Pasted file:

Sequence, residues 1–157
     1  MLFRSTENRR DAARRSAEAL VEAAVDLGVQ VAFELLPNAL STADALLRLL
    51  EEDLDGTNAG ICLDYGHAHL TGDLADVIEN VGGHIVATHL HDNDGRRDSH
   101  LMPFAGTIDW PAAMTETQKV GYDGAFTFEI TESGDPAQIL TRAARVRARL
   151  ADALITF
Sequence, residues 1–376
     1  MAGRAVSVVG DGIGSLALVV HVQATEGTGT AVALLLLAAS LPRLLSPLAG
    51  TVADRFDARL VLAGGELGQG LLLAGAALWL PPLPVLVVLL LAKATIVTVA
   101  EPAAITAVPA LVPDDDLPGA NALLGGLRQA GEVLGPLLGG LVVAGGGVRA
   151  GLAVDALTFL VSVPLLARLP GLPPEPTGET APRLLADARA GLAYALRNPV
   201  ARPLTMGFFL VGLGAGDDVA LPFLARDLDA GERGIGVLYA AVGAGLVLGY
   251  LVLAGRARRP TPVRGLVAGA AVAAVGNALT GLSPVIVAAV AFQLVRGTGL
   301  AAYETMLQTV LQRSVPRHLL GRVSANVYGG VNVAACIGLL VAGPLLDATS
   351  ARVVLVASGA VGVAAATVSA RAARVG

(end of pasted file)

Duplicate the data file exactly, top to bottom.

Sequence, residues 1–157
     1  MLFRSTENRR DAARRSAEAL VEAAVDLGVQ VAFELLPNAL STADALLRLL
    51  EEDLDGTNAG ICLDYGHAHL TGDLADVIEN VGGHIVATHL HDNDGRRDSH
   101  LMPFAGTIDW PAAMTETQKV GYDGAFTFEI TESGDPAQIL TRAARVRARL
   151  ADALITF
Sequence, residues 1–376
     1  MAGRAVSVVG DGIGSLALVV HVQATEGTGT AVALLLLAAS LPRLLSPLAG
    51  TVADRFDARL VLAGGELGQG LLLAGAALWL PPLPVLVVLL LAKATIVTVA
   101  EPAAITAVPA LVPDDDLPGA NALLGGLRQA GEVLGPLLGG LVVAGGGVRA
   151  GLAVDALTFL VSVPLLARLP GLPPEPTGET APRLLADARA GLAYALRNPV
   201  ARPLTMGFFL VGLGAGDDVA LPFLARDLDA GERGIGVLYA AVGAGLVLGY
   251  LVLAGRARRP TPVRGLVAGA AVAAVGNALT GLSPVIVAAV AFQLVRGTGL
   301  AAYETMLQTV LQRSVPRHLL GRVSANVYGG VNVAACIGLL VAGPLLDATS
   351  ARVVLVASGA VGVAAATVSA RAARVG